The master brand of colleges and universities is often tightly intertwined with schools’ athletics programs.
Students come together under the institution’s iconic colors and logos, magnetic mascots and fans’ chants that echo throughout the stadium. It’s a unifying experience, one that continues when alumni don their old college T-shirt and turn on Saturday football games.
“Having a symbol that people can recognize on a sweatshirt is something that brings the community together,” says Michael Lewis, a professor of marketing at Emory University. “Football and basketball, in particular, represent the touch points for the whole community. Whether or not that’s how academia should be, that’s how academia is. That’s the incident that bonds people together.”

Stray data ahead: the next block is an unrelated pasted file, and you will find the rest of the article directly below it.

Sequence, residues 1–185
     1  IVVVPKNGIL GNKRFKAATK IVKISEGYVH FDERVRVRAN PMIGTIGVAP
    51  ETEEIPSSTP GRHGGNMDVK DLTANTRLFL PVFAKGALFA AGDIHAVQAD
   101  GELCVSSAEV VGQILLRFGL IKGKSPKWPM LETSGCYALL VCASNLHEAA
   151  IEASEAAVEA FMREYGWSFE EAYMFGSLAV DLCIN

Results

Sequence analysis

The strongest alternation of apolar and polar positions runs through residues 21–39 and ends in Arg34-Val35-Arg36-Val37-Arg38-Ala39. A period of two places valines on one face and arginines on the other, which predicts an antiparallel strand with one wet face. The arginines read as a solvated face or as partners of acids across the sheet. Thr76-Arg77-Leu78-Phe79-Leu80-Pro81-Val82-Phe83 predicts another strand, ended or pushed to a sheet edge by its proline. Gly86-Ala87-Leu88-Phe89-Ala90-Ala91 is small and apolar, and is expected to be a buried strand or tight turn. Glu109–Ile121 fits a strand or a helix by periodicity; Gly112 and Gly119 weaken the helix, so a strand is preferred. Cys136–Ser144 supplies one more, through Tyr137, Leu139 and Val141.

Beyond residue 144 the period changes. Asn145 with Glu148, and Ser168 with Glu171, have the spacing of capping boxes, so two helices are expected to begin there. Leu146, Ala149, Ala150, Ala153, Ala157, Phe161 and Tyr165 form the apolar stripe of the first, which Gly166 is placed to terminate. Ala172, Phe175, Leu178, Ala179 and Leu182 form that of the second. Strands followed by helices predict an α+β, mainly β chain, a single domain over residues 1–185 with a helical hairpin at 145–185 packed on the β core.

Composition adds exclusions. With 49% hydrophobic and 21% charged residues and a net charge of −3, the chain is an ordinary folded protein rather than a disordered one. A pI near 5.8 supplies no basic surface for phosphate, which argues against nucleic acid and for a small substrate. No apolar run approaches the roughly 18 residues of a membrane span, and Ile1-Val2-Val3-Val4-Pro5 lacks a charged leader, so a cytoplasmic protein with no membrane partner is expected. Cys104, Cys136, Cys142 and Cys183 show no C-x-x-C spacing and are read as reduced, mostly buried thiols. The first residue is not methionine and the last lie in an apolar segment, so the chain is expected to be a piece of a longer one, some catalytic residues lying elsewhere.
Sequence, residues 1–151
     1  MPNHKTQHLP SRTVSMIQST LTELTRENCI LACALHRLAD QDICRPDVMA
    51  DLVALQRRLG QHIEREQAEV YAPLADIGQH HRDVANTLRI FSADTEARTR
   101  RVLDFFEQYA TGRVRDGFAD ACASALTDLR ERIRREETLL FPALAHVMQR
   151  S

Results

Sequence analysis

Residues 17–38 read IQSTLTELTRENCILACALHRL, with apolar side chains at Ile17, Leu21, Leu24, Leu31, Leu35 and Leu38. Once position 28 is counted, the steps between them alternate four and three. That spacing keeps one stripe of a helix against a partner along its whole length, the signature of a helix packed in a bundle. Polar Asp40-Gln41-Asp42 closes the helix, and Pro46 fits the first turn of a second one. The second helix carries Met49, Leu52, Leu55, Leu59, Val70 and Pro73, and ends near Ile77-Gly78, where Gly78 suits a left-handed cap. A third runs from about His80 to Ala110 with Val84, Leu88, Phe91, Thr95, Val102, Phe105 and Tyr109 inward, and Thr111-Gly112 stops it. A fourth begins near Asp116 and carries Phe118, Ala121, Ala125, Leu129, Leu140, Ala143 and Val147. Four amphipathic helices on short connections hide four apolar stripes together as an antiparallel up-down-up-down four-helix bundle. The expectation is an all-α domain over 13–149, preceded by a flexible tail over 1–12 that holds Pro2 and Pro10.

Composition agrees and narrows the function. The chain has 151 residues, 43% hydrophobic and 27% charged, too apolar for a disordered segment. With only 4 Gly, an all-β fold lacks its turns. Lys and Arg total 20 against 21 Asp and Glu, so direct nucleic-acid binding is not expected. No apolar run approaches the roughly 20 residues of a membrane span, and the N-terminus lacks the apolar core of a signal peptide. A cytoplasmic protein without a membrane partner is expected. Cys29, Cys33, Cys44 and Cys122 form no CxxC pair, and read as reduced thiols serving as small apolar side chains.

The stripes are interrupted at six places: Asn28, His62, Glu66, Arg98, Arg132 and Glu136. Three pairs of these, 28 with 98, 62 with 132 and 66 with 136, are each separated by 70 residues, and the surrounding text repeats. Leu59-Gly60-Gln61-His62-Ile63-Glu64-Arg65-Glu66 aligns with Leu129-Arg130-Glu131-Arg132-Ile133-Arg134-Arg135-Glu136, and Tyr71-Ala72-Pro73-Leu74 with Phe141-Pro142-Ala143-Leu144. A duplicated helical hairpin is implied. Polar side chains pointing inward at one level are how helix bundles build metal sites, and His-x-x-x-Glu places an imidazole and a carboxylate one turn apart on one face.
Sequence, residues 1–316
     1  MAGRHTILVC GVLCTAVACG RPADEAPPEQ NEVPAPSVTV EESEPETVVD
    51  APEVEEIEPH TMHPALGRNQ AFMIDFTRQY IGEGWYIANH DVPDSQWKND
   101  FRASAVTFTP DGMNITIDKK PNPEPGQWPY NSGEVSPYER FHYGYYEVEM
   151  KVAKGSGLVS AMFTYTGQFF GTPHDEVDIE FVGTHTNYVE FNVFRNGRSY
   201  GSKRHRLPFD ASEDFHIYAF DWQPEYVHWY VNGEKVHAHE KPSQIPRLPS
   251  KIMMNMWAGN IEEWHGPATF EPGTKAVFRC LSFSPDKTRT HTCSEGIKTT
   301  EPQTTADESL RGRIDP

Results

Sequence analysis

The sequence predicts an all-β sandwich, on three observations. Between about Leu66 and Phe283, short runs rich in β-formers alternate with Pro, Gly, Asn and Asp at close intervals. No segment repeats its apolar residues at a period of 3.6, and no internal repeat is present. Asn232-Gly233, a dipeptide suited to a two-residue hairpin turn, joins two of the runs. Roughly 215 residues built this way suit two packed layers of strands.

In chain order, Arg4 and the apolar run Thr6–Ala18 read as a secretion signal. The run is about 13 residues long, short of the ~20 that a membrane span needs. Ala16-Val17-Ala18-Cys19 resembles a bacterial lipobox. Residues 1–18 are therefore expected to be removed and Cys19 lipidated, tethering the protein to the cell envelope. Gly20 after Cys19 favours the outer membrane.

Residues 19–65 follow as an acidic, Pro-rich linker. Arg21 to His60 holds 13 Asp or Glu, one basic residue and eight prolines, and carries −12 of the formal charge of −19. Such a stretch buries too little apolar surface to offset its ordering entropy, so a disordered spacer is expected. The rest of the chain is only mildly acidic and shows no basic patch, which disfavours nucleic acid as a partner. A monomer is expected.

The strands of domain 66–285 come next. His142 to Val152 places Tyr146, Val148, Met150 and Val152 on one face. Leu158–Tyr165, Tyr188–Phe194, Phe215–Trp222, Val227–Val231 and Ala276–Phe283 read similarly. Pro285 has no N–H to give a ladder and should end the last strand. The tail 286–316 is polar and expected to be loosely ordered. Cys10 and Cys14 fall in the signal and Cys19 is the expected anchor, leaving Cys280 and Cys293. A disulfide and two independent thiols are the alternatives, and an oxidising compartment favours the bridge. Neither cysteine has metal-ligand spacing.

When that community is stripped of its collective imagery, it presents the institution with the great challenge of rallying the troops under a new banner. With the emotional connection that so many students form with their school, changing the mascot is akin to Disney dropping Mickey Mouse. That is, if Mickey were also offensive to an entire culture.